Interactive displays are common in education and are likely to be used by a range of children and adults. “Interactivity is very common, with modern touchscreens everywhere, for both teachers and students to use,” says Mark Walker, business development manager, B-Tech AV Mounts. “Height adjustability is crucial so that screens can be quickly adapted for use with different age groups and there are usually extra safety concerns which must be considered as these solutions may be pushed and pulled around by children of varying ages. Fixed castors ensure mobile displays stay where they are placed, and the ability to hide and secure any potentially hazardous cabling is important for classes of young children.”
Touchscreens are also regularly encountered in the corporate market, and here a different set of needs is evident. “AV should be neatly integrated into the corporate environment so the audience is completely focused on the message rather than the technology behind it,” says Dutch. Displays are not always being used, so mobility plays a part. “When considering videoconferencing and interactive presentation systems for conference rooms, it’s important to consider how you plan to mount, operate and manoeuvre them. Specially designed trolleys, stands and wall mounts are available to support large format screens and interactive displays and provide ideal viewing positions, match the décor of any professional setting and are easily transported from room to room. New solutions are available incorporating innovative lift technology to allow users to raise or lower a display, with just a finger.”
There is great demand for displays in transportation applications: in airports, railway stations and shipping, for a multitude of tasks from departure boards through advertising, digital menu boards and wayfaring. Here the emphasis is on reliability and ease of access for maintenance and replacement of displays which are often in locations that are difficult to access. Transport terminals cannot afford failures in the digital signage systems aimed at moving passengers to the right locations and any failures must be rectified quickly.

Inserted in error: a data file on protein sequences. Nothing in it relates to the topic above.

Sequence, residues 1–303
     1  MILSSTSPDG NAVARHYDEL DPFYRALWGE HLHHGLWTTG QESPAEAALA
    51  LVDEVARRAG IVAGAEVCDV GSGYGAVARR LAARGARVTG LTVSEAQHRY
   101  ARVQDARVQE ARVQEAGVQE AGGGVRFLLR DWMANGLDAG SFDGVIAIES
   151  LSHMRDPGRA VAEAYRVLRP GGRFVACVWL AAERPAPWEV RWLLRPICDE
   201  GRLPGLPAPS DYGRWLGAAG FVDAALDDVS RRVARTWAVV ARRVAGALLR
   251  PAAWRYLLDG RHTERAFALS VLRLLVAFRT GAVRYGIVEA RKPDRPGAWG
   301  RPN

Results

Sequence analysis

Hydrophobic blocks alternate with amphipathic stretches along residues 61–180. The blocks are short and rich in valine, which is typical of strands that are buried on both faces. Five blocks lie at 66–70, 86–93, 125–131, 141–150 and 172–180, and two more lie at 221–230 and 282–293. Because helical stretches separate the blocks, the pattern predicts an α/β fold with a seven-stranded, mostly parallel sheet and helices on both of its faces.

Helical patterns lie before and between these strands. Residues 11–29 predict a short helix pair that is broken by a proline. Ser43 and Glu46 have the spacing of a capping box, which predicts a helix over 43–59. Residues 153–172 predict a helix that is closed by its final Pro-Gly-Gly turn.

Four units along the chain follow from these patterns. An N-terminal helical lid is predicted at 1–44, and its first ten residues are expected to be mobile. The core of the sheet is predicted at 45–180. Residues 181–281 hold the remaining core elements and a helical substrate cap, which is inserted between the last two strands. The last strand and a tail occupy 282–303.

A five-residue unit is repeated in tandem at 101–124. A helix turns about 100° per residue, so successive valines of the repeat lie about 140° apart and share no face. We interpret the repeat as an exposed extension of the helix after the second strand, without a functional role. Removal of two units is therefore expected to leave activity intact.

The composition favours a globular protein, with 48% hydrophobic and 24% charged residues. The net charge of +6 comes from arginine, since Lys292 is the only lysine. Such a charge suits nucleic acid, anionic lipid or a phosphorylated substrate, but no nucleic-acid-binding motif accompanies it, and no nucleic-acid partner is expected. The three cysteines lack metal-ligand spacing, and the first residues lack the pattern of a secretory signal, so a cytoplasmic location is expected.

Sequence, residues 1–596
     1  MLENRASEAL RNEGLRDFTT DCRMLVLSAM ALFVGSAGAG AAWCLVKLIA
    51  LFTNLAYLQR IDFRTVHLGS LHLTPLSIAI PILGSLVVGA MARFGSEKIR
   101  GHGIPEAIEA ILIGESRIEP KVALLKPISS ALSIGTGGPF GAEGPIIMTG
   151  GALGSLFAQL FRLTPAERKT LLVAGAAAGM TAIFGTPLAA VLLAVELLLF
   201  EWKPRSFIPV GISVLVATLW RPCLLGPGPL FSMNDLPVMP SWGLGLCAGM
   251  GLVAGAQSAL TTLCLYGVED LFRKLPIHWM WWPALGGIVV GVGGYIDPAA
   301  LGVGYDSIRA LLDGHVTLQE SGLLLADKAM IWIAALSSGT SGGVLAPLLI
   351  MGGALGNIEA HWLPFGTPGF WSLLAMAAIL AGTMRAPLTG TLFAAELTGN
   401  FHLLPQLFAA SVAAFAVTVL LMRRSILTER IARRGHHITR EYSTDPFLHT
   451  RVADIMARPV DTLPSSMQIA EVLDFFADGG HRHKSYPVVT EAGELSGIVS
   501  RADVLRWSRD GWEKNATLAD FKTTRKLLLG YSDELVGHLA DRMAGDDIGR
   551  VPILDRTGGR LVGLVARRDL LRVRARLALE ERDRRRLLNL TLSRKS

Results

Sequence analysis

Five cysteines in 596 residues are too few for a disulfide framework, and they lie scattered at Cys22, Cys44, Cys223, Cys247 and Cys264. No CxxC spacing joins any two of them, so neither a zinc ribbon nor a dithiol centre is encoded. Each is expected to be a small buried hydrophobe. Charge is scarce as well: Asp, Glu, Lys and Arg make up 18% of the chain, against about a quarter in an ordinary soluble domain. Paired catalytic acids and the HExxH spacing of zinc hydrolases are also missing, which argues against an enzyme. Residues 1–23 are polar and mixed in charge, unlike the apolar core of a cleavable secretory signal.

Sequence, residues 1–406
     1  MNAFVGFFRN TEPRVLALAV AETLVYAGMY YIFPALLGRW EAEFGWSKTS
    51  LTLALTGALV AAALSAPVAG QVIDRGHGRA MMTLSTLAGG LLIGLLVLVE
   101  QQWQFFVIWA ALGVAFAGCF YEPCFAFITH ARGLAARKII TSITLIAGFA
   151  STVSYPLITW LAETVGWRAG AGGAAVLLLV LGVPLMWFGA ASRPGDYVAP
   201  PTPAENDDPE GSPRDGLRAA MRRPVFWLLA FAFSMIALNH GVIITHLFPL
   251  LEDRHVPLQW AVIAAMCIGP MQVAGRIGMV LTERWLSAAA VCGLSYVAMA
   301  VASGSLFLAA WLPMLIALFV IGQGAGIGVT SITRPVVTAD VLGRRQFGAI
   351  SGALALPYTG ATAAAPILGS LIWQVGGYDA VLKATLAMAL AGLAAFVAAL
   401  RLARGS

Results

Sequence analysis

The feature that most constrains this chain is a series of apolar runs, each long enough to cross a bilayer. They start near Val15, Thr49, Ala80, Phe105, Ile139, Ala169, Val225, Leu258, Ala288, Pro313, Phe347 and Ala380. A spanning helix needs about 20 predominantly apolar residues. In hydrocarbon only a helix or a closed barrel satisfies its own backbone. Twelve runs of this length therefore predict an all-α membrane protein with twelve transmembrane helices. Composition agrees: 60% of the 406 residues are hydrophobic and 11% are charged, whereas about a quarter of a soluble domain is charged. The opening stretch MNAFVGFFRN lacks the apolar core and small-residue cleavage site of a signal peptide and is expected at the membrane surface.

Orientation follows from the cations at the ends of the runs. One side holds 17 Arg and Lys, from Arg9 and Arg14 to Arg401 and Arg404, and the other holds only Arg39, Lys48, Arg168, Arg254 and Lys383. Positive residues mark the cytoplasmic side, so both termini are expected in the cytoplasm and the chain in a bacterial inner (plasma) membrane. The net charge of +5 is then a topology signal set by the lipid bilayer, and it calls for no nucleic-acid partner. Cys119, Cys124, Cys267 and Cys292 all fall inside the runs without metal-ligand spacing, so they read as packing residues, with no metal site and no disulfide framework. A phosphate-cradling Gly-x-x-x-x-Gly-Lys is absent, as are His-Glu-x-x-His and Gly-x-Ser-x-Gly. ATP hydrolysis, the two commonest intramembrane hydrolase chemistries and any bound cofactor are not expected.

Similarly, the retail sector often has displays in high-traffic areas that cannot be reached easily, or safely, during opening hours. A unique problem occurs early in the installation phase. “Retailers often operate in buildings that have been altered many times, therefore installing into these buildings can be difficult,” points out David Jopling, marketing director, Unicol. Demand for screens in shops is often driven by the need to differentiate the store and provide a customer experience in order to pull people in, away from online shopping.
Walker expresses his sentiments: “Stores are taking steps to make sure retail shopping is as much about the in-store experience as it is about purchasing goods. Retail interiors are designed to very high specifications and AV systems need to reflect this. Screens usually need to be incorporated into the design rather than look like an afterthought and are increasingly required to be installed in weird and wonderful shapes and configurations. A varied range of pop-out solutions featuring micro-adjustment technology is essential to cater to these requirements, for both single screens and walls. Interactivity is also becoming more common as stores are starting to incorporate those technologies.”
Another issue in shops is the requirement to install screens in windows without disrupting the aesthetic appeal and careful design. Floor-to-ceiling mounts with integral cable management offer a discreet in-window option for retail outlets and draw attention to compelling content.